• Dennis (unregistered)

    Isn't returning false when not finding anything pretty much the PHP standard? At least most search methods in the standard PHP API does so.

    I'd consider that the most correct implementation of search, given the language/platform.

  • my name is missing (unregistered)

    This comment has been unset.

  • (nodebb)

    Regardless of the wisdom or lack thereof of spelling "null" F-A-L-S-E, the unset call is redundant - $obj is a local (it's not declared global, ergo it's local), and is therefore unset automatically(1) when the function exits.

    (1) It's PHP, so I suspect the general rule of "It's PHP, who knows exactly what it will do?" is applicable.

  • Robin (unregistered)

    Much though I think PHP is totally broken, the only WTF in here seems to be that the same variable is unset twice. Which is certainly, er, interesting - but hardly a massive WTF imo.

    (I actually never knew unset took more than one argument - but it does actually seem sane to allow multiple variables to be passed in and have them all deleted. The semantics of a language having a function call where it matters precisely what variable is passed in, rather than just what value it has, is obviously less so, but I digress.)

    Oh, and on returning false if no match is found - it is correct that similar builtin functions do this, but that's just one of many really dumb things that PHP does. If you have a function that returns an index, the last thing you want on a failure to find it is to have a value that will silently coerce to the perfectly valid index of 0 whenever you try to use it! (You could argue that the real WTF here is the weak typing, and I can't massively disagree - except to point out that Javascript has similar, albeit not quite as bad, typing issues, but copes perfectly fine here by following the normal convention of returning -1 when it can't find an index.)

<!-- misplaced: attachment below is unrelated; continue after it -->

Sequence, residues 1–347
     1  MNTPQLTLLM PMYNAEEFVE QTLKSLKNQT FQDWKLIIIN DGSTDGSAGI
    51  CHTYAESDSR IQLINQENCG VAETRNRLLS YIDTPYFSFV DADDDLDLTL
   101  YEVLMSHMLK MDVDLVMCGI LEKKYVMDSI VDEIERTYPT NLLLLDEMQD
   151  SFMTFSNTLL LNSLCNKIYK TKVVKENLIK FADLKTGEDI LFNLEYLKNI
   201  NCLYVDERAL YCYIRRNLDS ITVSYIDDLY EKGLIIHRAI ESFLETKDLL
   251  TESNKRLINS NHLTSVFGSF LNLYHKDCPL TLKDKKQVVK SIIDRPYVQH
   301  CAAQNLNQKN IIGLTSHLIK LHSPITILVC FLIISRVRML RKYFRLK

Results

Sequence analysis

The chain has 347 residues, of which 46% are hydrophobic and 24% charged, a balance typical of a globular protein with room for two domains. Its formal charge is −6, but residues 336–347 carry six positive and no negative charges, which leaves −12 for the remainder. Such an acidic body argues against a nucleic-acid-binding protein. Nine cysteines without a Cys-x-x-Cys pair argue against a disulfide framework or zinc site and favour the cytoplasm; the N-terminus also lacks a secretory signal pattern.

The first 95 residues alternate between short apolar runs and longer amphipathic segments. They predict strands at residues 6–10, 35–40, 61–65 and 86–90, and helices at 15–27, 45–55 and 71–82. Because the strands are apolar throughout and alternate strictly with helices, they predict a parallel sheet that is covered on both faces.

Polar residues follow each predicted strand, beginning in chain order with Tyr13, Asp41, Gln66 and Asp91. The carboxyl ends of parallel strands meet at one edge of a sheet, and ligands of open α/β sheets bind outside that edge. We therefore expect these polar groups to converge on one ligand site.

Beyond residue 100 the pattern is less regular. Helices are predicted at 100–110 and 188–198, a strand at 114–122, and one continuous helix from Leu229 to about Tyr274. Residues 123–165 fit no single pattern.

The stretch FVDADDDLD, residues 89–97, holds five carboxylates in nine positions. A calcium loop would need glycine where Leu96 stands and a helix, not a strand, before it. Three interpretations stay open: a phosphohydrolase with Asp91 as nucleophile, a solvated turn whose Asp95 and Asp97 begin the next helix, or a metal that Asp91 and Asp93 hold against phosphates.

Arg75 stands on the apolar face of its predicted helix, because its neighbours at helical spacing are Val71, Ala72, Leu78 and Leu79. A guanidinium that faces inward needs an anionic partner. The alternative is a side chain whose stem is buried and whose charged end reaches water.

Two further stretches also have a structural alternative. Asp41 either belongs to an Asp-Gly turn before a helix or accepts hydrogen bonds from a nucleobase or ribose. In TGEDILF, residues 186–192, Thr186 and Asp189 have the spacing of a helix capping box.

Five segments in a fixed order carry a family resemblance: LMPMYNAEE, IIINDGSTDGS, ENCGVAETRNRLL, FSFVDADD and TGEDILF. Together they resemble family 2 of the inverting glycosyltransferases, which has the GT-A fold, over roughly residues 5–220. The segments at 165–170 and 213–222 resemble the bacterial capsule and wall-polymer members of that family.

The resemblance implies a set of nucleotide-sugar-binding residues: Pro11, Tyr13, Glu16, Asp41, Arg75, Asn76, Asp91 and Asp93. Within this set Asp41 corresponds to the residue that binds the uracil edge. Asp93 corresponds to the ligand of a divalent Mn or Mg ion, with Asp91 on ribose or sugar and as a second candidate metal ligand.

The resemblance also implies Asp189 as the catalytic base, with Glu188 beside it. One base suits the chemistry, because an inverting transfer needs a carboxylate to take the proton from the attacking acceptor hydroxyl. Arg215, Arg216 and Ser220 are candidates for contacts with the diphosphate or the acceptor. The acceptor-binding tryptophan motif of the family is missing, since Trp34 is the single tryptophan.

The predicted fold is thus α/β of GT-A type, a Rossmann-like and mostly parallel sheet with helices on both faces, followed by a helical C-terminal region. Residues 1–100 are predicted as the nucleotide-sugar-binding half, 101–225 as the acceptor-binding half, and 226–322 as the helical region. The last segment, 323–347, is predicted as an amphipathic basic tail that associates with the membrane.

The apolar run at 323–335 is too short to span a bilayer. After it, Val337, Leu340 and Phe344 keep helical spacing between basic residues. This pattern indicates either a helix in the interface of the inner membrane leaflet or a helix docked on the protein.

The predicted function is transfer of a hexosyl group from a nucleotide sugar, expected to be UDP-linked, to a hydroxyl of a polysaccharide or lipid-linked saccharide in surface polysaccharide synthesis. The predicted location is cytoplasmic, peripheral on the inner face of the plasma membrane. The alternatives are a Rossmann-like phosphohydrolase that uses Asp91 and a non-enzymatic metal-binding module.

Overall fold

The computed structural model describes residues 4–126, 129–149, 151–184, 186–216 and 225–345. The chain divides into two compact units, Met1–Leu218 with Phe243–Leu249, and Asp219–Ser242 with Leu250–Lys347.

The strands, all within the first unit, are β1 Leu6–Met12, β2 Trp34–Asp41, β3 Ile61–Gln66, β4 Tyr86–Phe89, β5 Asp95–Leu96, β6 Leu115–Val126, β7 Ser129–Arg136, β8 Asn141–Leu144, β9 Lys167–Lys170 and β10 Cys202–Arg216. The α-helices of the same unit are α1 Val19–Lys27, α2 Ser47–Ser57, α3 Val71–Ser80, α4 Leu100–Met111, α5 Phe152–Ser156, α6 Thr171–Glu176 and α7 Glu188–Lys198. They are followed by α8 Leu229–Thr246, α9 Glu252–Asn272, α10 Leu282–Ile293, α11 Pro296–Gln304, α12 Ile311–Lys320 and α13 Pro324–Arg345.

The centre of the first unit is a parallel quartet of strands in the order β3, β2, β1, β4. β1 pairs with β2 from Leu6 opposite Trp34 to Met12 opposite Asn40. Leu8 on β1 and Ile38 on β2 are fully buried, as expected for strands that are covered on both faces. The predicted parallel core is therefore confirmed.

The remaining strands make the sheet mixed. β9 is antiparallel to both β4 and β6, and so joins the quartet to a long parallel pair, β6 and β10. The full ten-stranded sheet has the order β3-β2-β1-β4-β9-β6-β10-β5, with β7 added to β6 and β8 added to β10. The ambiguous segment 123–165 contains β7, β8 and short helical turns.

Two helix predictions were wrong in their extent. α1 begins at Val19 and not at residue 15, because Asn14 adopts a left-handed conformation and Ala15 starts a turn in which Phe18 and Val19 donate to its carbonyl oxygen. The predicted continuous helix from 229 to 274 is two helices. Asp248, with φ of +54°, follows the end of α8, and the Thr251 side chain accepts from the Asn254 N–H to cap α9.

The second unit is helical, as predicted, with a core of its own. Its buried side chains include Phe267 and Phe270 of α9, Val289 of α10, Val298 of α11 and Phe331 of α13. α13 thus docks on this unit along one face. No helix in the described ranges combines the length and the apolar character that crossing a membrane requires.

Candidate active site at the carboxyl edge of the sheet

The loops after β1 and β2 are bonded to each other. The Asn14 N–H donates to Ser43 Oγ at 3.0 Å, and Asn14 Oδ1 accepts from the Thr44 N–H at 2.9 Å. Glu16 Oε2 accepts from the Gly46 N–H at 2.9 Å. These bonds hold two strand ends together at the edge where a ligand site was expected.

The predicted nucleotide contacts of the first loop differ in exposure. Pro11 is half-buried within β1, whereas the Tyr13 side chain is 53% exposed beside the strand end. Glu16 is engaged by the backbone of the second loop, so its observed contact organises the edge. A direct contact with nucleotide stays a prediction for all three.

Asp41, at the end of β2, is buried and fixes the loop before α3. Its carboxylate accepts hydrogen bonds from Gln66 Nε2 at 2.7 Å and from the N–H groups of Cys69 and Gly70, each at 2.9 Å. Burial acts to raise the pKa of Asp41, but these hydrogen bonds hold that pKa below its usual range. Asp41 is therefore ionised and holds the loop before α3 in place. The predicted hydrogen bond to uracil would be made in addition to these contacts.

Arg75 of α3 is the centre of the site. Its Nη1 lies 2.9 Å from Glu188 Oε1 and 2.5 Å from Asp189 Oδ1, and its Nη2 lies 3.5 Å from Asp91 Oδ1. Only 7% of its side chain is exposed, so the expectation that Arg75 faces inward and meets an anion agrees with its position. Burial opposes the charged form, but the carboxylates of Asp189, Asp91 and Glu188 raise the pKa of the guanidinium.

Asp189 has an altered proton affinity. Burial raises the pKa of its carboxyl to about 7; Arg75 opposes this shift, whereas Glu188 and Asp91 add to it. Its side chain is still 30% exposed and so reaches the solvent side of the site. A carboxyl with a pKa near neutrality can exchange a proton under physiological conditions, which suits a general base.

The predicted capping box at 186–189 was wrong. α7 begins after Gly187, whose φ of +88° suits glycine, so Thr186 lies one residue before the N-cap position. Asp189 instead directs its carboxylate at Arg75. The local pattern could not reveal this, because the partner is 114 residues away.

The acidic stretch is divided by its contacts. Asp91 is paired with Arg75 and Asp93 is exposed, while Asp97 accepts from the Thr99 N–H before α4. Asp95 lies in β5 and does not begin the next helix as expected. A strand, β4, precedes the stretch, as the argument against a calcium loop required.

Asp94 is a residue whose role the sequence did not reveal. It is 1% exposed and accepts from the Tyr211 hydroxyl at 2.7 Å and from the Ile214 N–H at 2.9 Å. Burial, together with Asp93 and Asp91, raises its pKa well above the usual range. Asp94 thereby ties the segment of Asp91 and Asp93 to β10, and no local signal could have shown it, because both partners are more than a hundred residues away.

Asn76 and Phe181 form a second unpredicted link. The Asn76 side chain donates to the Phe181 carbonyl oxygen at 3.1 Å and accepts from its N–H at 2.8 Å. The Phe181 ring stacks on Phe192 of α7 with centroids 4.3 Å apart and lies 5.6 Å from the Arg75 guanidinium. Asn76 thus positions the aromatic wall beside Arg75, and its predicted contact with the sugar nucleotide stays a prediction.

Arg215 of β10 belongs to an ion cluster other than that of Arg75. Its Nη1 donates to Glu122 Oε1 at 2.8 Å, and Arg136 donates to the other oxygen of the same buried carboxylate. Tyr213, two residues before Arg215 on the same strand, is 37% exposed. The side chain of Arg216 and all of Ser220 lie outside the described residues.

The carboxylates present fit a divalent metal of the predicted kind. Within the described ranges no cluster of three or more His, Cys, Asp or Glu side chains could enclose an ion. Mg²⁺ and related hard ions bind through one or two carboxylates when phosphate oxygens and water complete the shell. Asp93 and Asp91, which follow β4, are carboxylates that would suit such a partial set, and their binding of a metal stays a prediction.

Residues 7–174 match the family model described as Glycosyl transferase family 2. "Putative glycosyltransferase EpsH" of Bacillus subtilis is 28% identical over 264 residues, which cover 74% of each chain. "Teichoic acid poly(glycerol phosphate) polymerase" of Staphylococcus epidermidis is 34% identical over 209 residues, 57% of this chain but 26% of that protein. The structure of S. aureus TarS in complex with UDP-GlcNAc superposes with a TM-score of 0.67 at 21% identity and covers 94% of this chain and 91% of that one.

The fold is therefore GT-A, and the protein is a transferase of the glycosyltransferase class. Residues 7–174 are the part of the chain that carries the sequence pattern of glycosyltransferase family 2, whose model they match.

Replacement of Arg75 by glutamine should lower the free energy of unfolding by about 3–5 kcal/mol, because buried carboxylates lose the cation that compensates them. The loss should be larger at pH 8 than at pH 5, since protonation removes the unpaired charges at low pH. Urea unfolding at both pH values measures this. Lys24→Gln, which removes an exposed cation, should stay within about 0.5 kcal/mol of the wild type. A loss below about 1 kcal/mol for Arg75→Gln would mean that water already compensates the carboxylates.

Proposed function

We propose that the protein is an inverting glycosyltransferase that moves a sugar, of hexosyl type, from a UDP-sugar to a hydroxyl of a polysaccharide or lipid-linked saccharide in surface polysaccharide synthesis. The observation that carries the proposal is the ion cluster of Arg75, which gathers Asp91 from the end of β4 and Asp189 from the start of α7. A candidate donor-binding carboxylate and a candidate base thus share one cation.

• (nodebb) in reply to Robin

    The semantics of a language having a function call where it matters precisely what variable is passed in, rather than just what value it has, is obviously less so, but I digress.

    That would be because unset(...) might look like a function call, but isn't, in the same sort of way that (int) might look like a C-style cast operator, but isn't, because int isn't a thing in PHP.

    I would have had the syntax of unset be more like unset $something, $anotherthing, $yetathirdthing

  • (nodebb) in reply to Robin

    You could argue that the real WTF here is the weak typing, and I can't massively disagree

    I disagree. For sure it's a real WTF, but it isn't really "weak typing", but more "overenthusiastic type conversion".

  • (nodebb) in reply to Robin

    the same variable is unset twice

    Not exactly. Two different variables referencing the same underlying item are unset. The WTF is that one of those two variables is going to be unset anyway as soon as the function returns.

  • Robin (unregistered) in reply to Steve_The_Cynic

    That to me is what "weak typing" basically means. It's a different axis to static vs dynamic typing, although frequently confused with it. Languages like PHP and JS, with their willingness to silently convert types at the drop of a hat, are the archetypal "weakly typed" languages - in contrast to, for example, Python, which although dynamically typed, at least throws an error if you try to do various things which are nonsensical given the types involved. And then you have things like C which, although statically typed, I believe does automatic type conversions in a number of situations (disclaimer: I don't know C so I may well not have that quite right, but my understanding is that its type system is relatively "weak" in some sense).

  • (nodebb) in reply to Robin

    You're not wrong about C, although at least there the automatic conversions are numeric-to-numeric, and most compilers will, if not configured wrongly, warn you about the more dangerous ones (int=>char, long=>float, float=>long, etc.).

    But there are other things that can be called "weak typing", and I would include in that any language where typing of variables is flexible. That variable is an int because the last thing I stored there is an int, but if I store a string in there, now it's a string, and there will be no warning when that happens. It's at least somewhat reasonable to call that "weak typing", and it presents a different set of problems than "overenthusiastic type conversion".